There's more than just the battle between Autobots and Decepticons raging in Transformers: Dark of the Moon, Michael Bay's third (and best) entry into the juggernaut franchise. Cynical, jaded viewers will likely be unable to look deeper than Bay's veneer of explosions, car crashes, and clanging metal (much of which, I might add, is adroitly applied for sensory stimulation) to the palpable sense of urgency and artistic desperation that manifests, especially during the film's final hour, unquestionably Bay's magnum opus, a symphonic, self-reflexive, visceral, maximum display of the filmmaker's undeniable talent for large scale spectacle. Those who hate on Bay's insistence of movement, images, and sound over narrative or character development simply miss the larger context - Bay implicitly formulates cultural discourse through his crude sense of sociological humor, filtered by his distinctly American sensibilities, at once xenophobic and playful, half-joking and half-serious. Bay's honest, terse, and purely proletarian look at the political zeitgeist is sure to enrage "progressive" viewers, because it doesn't wear kid gloves or tread lightly around delicate subject matter. Yet, through all of the wreckage and destruction accumulated, Bay retains a degree of subtlety in his ability to suggest subtextual avenues, rather than overtly allegorize his man-child visual fantasy.
Bay's sensibilities have always tended towards hyper-stylized fantasy, even when dealing completely in the real world. The Rock, for instance, plays with Military-Industrial-Complex anxieties by fetishizing posturing, masculine leads, all while reflecting the post-modern mirror back onto itself, cheeky and self-aware, brash and unashamed to perversely distort reality. Few have given Bay credit for his comic book-style takes on politics and bizarro cultural outlook; instead, leftist critics are curiously enraged by him, somehow threatened by his bravado, either lobbing claims of racism, sexism, or chauvinism, and feeling self-righteous for having "defended" fellow human beings. In a political climate where pacification is rapidly becoming a virtue, Bay's "is-it-satire-or-not" ambivalence strikes a resonant cord - and Transformers: Dark of the Moon is one of his most precise, deft applications.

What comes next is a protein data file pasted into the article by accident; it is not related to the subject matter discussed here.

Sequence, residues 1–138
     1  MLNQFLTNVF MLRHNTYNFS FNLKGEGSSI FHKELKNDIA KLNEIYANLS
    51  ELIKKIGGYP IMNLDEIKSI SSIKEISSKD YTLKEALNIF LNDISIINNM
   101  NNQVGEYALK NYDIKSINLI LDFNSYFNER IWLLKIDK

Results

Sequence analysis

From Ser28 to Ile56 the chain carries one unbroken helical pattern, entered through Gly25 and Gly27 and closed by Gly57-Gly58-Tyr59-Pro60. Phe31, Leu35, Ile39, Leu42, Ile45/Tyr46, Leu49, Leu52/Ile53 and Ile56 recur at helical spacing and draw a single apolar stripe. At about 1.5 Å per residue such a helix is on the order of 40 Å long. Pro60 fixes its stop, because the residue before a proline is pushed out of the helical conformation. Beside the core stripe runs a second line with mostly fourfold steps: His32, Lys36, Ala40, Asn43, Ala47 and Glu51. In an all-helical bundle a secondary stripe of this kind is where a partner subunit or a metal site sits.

The film's narrative again concerns Sam Witwicky (Shia LaBeouf), now graduated from college, trying to find a job amidst a tough financial climate. His determination and persistence aren't enough - he must "impress them," as future boss Bruce Brazos (John Malkovich) states before hiring him. Bay playfully sends up knee-jerk political impulses via the Malkovich character, whose capitalist go-getter mindset cannot be stopped, even following the death of a co-worker ("We can't let his death shut us down"). Such a combination of cynical tyranny and extreme violence recalls Paul Verhoeven's Robocop in its seamless genre critique of American bloodlust (and apathy for human loss). Mentions of President Obama, Twitter, and "Weapons of Mass Destruction" facilitate the film's zeitgeist mode, seeking to address contemporary socio-political climate, but only in passing, a preferably concise approach to any larger, didactic discursive attempt.
Interweaving ephemeral narrative exposition with consistently thrilling action sequences, the film messily (but giddily) builds to the last hour, undoubtedly Bay's finest, where his entire oeuvre comes into play, a conglomeration of everything he's been working towards for the past 15 years. Before all-out war on the streets of Chicago, Simmons (John Turturro) says: "One day they'll ask us, where were you when they took over the planet?" Histrionic rhetoric becomes the action film version of Terrence Malick's opening line from the book of Job in The Tree of Life ("Where were you when I laid the foundations of the Earth?"). Each filmmaker becomes immediately concerned with expressing existential woes through image and sound; of course, Bay's is less philosophically driven, but his kinetic brand of transcendental insight deserves a rigorous consideration for its artistic merits, not to be flippantly dismissed as "loud, dumb, and meaningless" as irresponsible critics are so enthusiastic to do.
Likewise, before Sam enters the war-zone, Epps (Tyrese Gibson) grabs him by the arm and states: "It's over. I'm sorry, but it's over." From that moment on, narrative goes underground, and Bay immerses the film in uninterrupted spectacle, heightened by a visually discursive presentation (at one point, a subjective, first-person shooter POV shot is inserted). Could Epps be announcing the death of the film's narrative? Moreover, is Bay suggesting that his post-modern sensibilities have been exhausted, finally entering a penultimate war-zone where he'll have to give it everything he's got? Perhaps, and likely so, a poignant self-recognition of unfiltered aesthetic vision on its last go-round. Indeed, Bay does not disappoint, offering up ingeniously constructed sequences of movement, collision, and scale (the loss of gravity as a building topples over is the highlight). Certainly, the images conform to a post-9/11 anxiety, exploiting while entertaining, large-scale destruction as the visual metaphor for a deterioration of cinematic and cultural understanding. Many call Bay "the death of cinema," but his use of the medium seeks to transcend the complacent filmmaking of his contemporaries, where nothing is banal or mundane. Humorously enough, the most ordinary part of his filmmaking is narrative emphasis, as it should be - cinema shows, is visually driven, and good at eliciting emotion through montage and juxtaposition. By implicitly questioning the medium's subjectivity and offering up numerous examples of towering spectacle, Bay uses the medium appropriately; those who don't appreciate his sensibilities want to tame his unbridled approach, insisting upon narrative to drive the action, instead of the reverse.